Thursday, 22 May 2014

Movie Review: Mrs. Miniver (1942)


World War Two through the eyes of a British middle class family, Mrs. Miniver eloquently captures the resiliency of civilians in the face of adversity.

Kay Miniver (Greer Garson) lives with her architect husband Clem (Walter Pidgeon) in the fictional village of Belham, a suburb of London. With the winds of war blowing across Europe, the Minivers carry on a normal suburban life, looking after their two young children Toby and Judy while eldest son Vin (Richard Ney) attends college. When Vin comes home for a visit, he starts a relationship with local girl-next-door Carol Beldon (Teresa Wright), the granddaughter of the haughty Lady Beldon (Dame May Whitty).

Britain finally declares war on Germany. Vin joins the Royal Air Force, while Clem helps to organize local civil defence efforts. When the Battle Of Britain erupts Kay and Clem have to spend long nights in their front yard cramped underground shelter, comforting Toby and Judy, listening to the continuous sounds of air raids, bombs, and anti-aircraft guns. Clem is recruited to help in the Dunkirk evacuation, news from Vin is often patchy, and Kay has a harrowing encounter with an unexpected visitor. Still life goes on, the romance between Vin and Carol becomes ever more serious, and Lady Beldon is unhappy to be challenged at the local gardening competition. The war eventually arrives at Belham's doorstep, and the Minivers are not spared their share of carnage.

Conceived as an inspirational film to bring home to an American audience the suffering of the British, Mrs. Miniver started filming before the US joined the war but was released after Pearl Harbour. The film became a rallying call and a symbol of the civilian war experience, families and communities coming together to stand up to a common enemy and support their fighting men. It is also a heartfelt portrait of war's ripple effects on civilians far from the front lines.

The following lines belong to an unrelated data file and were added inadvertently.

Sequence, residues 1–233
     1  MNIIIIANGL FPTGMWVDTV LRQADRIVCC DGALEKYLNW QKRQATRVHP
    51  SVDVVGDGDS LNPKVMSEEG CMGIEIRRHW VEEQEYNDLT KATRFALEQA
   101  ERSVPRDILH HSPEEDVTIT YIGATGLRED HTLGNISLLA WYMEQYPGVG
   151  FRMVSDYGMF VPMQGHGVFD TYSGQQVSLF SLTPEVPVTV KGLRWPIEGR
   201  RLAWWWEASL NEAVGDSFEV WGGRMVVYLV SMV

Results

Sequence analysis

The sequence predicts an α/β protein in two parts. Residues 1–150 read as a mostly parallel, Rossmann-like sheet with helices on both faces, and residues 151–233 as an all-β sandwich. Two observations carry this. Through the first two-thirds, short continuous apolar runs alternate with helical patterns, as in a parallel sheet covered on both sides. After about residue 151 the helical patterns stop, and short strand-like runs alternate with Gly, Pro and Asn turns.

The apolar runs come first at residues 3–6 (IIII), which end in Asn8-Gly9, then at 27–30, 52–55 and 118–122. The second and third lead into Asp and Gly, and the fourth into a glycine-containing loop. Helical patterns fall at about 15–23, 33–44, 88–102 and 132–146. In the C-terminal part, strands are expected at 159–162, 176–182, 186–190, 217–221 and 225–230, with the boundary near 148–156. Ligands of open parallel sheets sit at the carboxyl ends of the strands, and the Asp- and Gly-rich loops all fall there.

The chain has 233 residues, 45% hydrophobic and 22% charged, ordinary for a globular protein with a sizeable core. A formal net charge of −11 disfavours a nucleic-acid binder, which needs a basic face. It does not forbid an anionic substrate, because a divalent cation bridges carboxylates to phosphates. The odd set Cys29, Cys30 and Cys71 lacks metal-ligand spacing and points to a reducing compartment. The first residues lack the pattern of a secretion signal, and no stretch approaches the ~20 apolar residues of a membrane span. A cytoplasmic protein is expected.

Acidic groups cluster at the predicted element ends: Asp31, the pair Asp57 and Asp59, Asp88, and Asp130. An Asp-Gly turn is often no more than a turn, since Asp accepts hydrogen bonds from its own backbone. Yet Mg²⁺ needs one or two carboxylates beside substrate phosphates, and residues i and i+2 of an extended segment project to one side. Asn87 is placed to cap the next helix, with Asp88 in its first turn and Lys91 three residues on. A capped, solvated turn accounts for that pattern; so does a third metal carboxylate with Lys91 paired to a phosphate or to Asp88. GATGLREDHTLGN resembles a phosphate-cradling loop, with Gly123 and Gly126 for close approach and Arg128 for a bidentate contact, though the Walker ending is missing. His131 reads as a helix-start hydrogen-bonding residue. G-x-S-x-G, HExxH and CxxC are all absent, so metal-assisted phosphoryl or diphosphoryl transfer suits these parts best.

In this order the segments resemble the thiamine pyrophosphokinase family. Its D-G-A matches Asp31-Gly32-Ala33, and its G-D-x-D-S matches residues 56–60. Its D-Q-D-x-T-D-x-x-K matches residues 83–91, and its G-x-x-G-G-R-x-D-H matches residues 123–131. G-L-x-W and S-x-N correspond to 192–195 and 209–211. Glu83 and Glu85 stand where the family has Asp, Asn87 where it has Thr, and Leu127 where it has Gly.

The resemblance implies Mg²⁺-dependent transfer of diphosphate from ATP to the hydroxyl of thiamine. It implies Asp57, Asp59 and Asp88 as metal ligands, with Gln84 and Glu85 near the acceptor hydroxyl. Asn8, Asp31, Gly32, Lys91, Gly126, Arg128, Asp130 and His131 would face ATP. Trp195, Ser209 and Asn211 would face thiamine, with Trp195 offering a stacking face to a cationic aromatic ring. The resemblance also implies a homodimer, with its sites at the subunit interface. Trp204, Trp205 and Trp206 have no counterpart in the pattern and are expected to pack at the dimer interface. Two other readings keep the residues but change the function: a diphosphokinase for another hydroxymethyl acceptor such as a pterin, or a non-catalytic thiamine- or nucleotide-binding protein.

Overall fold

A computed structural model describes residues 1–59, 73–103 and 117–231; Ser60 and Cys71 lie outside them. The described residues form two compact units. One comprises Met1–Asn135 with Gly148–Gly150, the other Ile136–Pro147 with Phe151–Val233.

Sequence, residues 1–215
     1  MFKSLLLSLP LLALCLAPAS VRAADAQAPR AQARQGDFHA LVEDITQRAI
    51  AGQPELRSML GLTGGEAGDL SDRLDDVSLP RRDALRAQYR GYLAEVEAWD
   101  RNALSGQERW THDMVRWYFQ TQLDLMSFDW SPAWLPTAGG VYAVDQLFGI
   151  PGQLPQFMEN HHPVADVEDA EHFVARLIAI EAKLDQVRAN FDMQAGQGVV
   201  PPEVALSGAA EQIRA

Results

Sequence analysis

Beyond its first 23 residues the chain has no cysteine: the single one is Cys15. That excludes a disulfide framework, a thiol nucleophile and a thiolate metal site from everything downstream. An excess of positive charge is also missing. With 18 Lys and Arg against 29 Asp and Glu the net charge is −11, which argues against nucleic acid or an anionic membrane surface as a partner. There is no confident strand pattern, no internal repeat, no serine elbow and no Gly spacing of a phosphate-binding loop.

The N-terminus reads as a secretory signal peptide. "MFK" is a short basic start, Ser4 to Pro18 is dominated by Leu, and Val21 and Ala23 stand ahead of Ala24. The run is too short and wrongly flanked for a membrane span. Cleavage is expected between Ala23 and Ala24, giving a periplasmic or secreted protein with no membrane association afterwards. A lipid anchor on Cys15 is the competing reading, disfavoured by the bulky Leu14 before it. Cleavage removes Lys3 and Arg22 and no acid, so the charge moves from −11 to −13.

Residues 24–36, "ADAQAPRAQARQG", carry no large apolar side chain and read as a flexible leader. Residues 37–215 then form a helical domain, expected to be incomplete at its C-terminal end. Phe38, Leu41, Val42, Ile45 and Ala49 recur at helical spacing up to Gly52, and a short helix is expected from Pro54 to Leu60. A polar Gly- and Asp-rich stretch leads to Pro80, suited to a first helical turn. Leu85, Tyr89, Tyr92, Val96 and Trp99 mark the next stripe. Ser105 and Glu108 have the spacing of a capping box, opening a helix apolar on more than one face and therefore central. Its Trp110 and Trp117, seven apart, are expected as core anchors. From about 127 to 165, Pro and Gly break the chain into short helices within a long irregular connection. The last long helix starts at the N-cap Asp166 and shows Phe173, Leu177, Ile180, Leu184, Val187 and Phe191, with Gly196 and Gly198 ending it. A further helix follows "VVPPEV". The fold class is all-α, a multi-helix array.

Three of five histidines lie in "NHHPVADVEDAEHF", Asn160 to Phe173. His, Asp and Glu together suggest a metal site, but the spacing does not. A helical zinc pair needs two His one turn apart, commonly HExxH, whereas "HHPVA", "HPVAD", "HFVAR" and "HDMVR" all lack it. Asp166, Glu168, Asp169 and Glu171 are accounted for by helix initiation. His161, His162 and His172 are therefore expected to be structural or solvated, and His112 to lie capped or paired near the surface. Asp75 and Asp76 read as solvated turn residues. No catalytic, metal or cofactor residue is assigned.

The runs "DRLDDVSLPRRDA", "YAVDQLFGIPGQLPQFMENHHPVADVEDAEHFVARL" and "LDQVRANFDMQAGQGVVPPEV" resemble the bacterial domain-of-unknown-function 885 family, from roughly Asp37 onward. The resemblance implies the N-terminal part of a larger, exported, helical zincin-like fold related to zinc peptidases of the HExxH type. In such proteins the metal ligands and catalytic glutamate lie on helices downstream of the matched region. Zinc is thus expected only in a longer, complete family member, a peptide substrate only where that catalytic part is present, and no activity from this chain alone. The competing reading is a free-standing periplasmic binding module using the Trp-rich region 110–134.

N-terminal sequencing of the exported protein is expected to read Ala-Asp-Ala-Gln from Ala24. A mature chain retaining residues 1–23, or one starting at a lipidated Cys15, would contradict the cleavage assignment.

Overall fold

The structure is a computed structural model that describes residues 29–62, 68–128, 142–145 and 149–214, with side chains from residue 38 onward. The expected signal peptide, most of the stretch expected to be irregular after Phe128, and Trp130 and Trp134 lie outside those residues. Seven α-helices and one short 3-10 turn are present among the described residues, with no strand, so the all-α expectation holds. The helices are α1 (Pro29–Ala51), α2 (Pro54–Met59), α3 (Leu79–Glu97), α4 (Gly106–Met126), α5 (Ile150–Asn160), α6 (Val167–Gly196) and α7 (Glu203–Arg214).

A film about war but without any battle scenes, Mrs. Miniver's appeal lies in its astounding normalcy. Director William Wyler takes his time and dedicates the first 30 minutes to life before the war. Kay and Clem are portrayed as a loving but quite ordinary middle class couple, occupied by work, shopping, over-spending, and dealing with the challenges of their children and neighbours. The Minivers are no heroes, but they will need to act heroically when their life is disrupted by a global conflict, and their heroism lies largely in carrying on with life as best as possible.

When death becomes a daily possibility, the war heightens the importance of emotional attachments, as the family gets tightly packed into the confined shelter, and the romance between Vin and Carol gets condensed into a hurried courtship and accelerated talk of marriage. Ironically the war makes the family stronger and more resilient, decisions are made quickly and every moment is enjoyed and celebrated with a mixture of defiance and pathos.

And Wyler gradually brings the strands of society together into a stronger whole. Working class, middle class and upper class come together to create a united home front, the gardening show providing a metaphor not just for life carrying on, but for the blurring of previously divisive lines as a country unites against a common enemy.

Mrs. Miniver deservedly scooped six Academy Awards, including Best Film, Best Director, Best Actress for Garson, and Best Supporting Actress for Wright. It has stood the test of time, and remains a moving portrayal of what it means to Keep Calm and Carry On.






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